Mercury Charged With Misleading Customers – A Business Lesson
Changes To Small Trade Contract Provisions Come Into Play August 16th
Incorporated Societies Act: How Will It Affect Your Incorporated Society?
Setting Up A Business - A Guide
Commercial Leases: Covid-19 Response (Management Measures) Legislation Act 2021 in Force
Life in the digital age means that we increasingly collect, store and disclose personal information like never before. The new Privacy Act 2020 provides a much needed change to privacy law in New Zealand, refreshing the 27-year-old Privacy Act 1993, ensuring we align with international best practice.
The Act came into force on December the 1st, the changes are due to impact organisations, businesses and individuals by placing greater value on individual privacy rights. The Act primarily does this through providing greater accountability when there is a breach of privacy and streamlining the complaints process.
The Government has implemented many of the changes seen in the Act based on recommendations from the Law Commission’s 2011 review of New Zealand’s privacy laws. It appears that these changes have been a long time coming, reflecting the increasing difficulty that our law-makers have when keeping up-to-date with advancing technologies. As stated by Privacy Commissioner John Edwards:
“No, legislation can’t keep up, but that doesn’t mean it shouldn’t try.”
New Criminal Offences
The Act has introduced new criminal offences where personal information is destroyed after someone has made a request for it and where someone misleads a business or organisation in a way that affects someone’s personal information. The maximum fine for these offences is $10,000.
Mandatory Notification for Harmful Breaches
It is now mandatory businesses and organisations to notify the Privacy Commissioner and any affected parties of privacy breaches which have caused, or are likely to cause, serious harm. This is a marked change to the current system where compliance relies on an individual bringing a complaint to the Commissioner themselves.
Powers of the Privacy Commissioner
The Act has also given the Privacy Commissioner the right to issue compliance orders where agencies are not complying with the Act. Failure to comply with a compliance notice may result in a fine of up to $10,000.00. The Privacy Commissioner can also demand the release of personal information where an organisation or business refuses to make personal information available upon request.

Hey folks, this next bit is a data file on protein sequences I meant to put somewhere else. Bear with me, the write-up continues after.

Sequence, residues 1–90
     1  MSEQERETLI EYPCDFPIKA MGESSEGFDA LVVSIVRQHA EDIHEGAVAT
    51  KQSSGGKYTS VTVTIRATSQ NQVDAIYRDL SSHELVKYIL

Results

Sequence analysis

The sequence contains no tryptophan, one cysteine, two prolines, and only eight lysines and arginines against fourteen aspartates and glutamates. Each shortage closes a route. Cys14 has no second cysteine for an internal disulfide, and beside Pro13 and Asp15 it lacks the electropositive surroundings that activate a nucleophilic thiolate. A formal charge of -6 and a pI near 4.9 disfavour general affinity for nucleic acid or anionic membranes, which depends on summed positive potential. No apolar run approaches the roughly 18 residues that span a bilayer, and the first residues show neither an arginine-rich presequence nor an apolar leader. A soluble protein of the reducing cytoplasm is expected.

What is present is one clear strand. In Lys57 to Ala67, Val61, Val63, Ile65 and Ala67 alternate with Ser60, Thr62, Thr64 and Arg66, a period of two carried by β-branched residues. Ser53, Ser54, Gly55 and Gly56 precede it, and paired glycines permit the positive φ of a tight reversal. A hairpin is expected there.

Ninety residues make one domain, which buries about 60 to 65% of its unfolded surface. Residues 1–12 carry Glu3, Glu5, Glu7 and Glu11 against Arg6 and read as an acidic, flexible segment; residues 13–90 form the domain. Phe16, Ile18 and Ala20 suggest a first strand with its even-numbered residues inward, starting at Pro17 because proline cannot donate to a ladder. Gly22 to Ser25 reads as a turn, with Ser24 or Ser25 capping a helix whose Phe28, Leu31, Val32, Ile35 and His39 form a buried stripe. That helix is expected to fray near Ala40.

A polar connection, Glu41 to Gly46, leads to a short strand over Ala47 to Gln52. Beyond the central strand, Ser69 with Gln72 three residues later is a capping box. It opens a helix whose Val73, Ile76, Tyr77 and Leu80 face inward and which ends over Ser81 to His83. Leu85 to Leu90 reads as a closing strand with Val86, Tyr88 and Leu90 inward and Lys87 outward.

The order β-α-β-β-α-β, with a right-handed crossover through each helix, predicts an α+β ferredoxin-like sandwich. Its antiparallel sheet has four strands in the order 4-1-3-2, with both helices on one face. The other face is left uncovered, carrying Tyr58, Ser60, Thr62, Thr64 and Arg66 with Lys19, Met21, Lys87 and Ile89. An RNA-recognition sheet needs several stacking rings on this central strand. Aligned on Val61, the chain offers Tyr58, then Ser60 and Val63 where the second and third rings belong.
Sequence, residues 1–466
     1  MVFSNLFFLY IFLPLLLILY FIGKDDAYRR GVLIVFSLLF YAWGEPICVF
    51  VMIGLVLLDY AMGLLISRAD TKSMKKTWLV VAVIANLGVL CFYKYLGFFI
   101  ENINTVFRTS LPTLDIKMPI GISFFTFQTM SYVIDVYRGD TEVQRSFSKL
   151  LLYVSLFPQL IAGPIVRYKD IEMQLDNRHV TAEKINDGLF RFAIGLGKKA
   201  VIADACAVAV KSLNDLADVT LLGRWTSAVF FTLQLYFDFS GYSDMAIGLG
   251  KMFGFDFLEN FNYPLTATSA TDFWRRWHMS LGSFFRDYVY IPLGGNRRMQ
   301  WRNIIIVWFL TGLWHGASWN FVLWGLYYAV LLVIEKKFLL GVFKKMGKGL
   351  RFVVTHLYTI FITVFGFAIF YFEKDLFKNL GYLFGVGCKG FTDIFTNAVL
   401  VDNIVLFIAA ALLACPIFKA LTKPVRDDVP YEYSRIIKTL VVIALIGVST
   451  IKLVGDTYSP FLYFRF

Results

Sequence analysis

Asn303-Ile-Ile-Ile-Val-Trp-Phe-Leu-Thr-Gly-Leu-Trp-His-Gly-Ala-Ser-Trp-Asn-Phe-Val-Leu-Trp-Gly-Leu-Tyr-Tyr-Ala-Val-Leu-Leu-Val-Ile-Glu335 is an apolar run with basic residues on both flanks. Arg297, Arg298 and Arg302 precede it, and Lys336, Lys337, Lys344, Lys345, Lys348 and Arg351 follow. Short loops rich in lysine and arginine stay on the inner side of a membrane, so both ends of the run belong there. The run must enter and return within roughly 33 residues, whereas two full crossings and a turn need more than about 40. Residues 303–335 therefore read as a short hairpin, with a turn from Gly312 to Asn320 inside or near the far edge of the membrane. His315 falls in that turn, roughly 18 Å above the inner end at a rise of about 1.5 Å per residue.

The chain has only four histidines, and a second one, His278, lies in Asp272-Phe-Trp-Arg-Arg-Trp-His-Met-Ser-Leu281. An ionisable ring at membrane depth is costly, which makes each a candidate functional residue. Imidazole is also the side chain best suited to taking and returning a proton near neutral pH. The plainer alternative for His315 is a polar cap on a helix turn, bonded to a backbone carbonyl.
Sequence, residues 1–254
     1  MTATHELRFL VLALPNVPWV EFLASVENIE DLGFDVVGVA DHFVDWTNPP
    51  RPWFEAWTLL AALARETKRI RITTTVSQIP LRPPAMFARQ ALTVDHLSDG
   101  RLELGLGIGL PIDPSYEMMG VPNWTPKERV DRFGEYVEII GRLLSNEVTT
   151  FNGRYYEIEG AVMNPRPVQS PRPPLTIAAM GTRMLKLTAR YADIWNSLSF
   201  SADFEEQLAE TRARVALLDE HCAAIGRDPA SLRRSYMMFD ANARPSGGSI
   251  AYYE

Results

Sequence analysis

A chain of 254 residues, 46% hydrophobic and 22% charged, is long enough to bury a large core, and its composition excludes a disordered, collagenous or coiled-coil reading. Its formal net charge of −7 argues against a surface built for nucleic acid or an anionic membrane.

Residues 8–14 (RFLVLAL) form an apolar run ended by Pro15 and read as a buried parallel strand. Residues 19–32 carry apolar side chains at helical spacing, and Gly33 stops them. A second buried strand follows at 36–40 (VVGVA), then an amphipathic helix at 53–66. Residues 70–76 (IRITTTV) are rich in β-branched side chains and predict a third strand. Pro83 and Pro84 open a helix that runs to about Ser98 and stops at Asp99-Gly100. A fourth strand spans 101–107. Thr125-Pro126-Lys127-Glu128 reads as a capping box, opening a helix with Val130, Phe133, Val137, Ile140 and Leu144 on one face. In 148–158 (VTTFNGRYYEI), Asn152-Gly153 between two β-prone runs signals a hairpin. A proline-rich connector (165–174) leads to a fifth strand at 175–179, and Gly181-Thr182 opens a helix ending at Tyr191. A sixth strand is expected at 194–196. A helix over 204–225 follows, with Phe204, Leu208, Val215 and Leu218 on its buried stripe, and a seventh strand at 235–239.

In order to address harmful privacy breaches from overseas, New Zealand organisations or businesses will need to ensure those overseas entities have similar levels of privacy protection to those in New Zealand before disclosing New Zealanders’ personal information overseas.
The Act also has explicit application to businesses whether or not they have a legal or physical presence in New Zealand. If an international digital platform is carrying on business in New Zealand, with New Zealanders’ personal information, there will be no question that they will be obliged to comply with New Zealand law regardless of where they, or their servers are based.
Privacy Protection Laws fit for a Data Rich Society?
The changes that have been introduced by the Privacy Act aim to retain the flexibility of the current legislation, by way of its principles, whilst taking a more preventative approach to privacy breaches.
As the changes have received cross-party support from Parliament there is a clear sense of unanimity that our concerns surrounding data sharing are well founded. Although privacy law is reactive by nature, Privacy Commissioner John Edwards is optimistic about the updated legislation as it ultimately:
“…provides a modernised framework to better protect New Zealanders’ privacy rights in today’s environment.”
To examine the exact changes, see the Privacy Act 2020 here.
The final Parliamentary Justice Select Committee report can be found here.
If you need any more detail on how these changes will affect your organisation then contact our Privacy Law Specialists in the Corporate and Commercial Law Team.
Author: Annie Prosser